Freckle: An Odd Name For Time Tracking

Freckle is a simple and agile time and client tracking web-app with a strange name. Lifehacker reports on the app here. Freckle’s features promote organization on the fly. There are three boxes on the dashboard for inputting time, project and action tag or description of task. A “pulse” tab gives a quick overview of what you have been doing for the day or in your recent history. The program offers charts and easy downloadable and printable reports.

Seems pretty simple to negotiate to me. You can sign up for a free 30 day trial and then purchase a plan according to your needs:

Hit the jump to Lifehacker for some screenshots.


Hocus Pocus

I really like this post by Ken Adams over at Adams Drafting about the use of “magic words.” Like the terms imageAbraCadabra, Hocus Pocus, Bibbity Bobbity Boo, we don’t know the precise meaning of these “magic” terms. Rather,  we take for granted an assumed meaning and expect something magical to result. In the law, assumptions can spawn a whole heap of trouble, particularly where expectations and reality diverge.

Adams defines his magic words to be legalese terms employed when the drafter “gropes” at an intended meaning instead of clearly articulating a concept in a contract or document. By doing so, the drafter relinquishes control over the document to custom or the courts to fill in the gaps. When the drafter loses control, the ultimate effect of the words may not be the effect initially intended.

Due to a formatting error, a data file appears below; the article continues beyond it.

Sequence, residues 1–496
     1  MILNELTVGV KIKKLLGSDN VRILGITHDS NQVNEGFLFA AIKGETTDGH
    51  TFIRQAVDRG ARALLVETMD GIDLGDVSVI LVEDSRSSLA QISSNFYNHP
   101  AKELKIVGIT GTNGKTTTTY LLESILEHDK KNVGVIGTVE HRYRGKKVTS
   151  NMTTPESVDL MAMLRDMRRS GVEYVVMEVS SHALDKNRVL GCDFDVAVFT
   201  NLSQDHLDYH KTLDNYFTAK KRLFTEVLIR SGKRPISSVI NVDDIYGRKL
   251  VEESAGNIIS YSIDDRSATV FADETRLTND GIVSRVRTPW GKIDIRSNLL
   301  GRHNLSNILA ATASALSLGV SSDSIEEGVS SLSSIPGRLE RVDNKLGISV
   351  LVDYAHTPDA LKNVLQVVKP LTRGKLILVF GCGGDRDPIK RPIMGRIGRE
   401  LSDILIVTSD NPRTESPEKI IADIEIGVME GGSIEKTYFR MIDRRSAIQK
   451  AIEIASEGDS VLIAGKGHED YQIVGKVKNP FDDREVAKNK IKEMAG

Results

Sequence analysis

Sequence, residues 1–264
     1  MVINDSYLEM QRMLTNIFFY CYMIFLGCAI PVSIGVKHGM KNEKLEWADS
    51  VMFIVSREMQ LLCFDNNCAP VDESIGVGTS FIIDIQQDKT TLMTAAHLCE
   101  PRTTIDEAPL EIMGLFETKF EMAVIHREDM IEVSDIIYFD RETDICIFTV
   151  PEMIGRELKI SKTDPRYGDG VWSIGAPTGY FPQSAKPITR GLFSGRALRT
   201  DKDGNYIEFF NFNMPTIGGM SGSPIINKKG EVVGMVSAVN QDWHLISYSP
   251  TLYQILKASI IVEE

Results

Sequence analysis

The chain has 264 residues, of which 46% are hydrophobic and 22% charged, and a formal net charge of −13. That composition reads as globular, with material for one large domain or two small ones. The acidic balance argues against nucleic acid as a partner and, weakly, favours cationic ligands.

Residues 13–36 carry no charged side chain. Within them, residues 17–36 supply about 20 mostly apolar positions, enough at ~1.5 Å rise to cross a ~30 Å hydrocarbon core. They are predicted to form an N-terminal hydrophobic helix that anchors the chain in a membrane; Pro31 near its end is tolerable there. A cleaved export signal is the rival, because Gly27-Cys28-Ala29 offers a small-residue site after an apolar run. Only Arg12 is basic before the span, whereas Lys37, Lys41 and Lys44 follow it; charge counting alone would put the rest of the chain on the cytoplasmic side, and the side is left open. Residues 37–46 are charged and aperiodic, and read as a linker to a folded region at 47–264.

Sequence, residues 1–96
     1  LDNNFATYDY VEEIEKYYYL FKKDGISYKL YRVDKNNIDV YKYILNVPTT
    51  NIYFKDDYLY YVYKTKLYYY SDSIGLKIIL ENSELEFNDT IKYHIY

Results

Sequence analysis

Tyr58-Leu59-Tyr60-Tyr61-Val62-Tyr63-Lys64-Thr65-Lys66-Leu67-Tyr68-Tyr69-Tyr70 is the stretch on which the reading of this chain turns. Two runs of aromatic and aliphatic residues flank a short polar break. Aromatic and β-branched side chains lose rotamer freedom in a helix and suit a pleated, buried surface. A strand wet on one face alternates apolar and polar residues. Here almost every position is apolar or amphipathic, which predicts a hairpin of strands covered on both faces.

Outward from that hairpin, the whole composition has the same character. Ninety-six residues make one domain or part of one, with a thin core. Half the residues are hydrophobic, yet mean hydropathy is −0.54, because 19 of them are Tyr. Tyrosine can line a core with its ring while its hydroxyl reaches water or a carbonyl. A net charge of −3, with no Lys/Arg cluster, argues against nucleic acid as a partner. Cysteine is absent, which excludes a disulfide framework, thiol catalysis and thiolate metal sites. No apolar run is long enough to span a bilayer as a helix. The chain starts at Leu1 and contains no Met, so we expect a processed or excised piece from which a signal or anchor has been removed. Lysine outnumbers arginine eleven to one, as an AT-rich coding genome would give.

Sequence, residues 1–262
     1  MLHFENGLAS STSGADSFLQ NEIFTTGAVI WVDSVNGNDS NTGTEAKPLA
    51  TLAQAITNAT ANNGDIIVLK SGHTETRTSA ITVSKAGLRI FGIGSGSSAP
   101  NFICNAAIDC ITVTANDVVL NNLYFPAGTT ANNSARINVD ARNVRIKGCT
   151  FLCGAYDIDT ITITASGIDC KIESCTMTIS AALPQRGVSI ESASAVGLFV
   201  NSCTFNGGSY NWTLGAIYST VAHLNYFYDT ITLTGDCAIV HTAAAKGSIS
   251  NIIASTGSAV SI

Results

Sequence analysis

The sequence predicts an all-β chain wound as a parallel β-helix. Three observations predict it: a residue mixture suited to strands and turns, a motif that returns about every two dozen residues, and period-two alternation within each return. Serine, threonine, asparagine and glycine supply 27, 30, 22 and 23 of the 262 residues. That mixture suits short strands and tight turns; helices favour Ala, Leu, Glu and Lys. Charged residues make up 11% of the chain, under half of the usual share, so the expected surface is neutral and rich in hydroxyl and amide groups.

Adams highlights “represents and warrants”, “arising out of and relating to” and “time is of the essence.” Some legalese is merely redundant and can be easily excised without affecting the meaning. Other “magic words”, however, are more difficult to address. How about “during the period of”, which begs the question “define period?” “Providing that” also raises questions in the reader’s mind. Does the writer mean that the language following is an exception to a previous statement? Is the following language a condition to the previous statement? Or is it possible that the following language has little or no meaning in the overall context of the document?

Clients hire lawyers to exert control over a matter, be it estate formation, legal transactions, litigation or other events of legal significance. By using Adams’ “magic words”, the lawyer casually abandons control of the matter, skirting ethical obligations to zealously represent the client. Recall Goethe’s “Sorcerer’s Apprentice” who employs magic that he cannot yet fully control, only to find himself at the mercy of both the magic and his absent master. Avoid “magic words” and invest time and effort at the outset to understand your intended meaning and clearly articulate that meaning in your writing. You will retain control over your intent and may even avoid a magical flood at some later date.